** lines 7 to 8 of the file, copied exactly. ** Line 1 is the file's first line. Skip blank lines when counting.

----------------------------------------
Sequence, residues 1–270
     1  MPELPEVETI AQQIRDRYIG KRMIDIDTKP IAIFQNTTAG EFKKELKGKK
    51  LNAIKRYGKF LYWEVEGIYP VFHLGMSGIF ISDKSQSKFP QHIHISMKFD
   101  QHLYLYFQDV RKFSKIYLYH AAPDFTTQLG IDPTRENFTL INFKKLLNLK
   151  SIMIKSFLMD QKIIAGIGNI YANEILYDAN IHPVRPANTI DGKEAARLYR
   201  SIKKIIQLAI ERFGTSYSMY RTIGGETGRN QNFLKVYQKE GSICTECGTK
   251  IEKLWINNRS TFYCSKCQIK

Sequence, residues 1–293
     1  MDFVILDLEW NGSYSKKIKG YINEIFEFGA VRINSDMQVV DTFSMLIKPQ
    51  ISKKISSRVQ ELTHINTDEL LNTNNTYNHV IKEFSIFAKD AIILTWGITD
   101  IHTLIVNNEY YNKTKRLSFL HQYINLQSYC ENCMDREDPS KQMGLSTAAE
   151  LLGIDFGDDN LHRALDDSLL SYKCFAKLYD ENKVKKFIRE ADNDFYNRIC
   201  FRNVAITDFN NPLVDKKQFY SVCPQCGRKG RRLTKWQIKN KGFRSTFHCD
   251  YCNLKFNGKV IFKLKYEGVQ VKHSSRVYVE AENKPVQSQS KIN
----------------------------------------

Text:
   251  IEKLWINNRS TFYCSKCQIK

Sequence, residues 1–293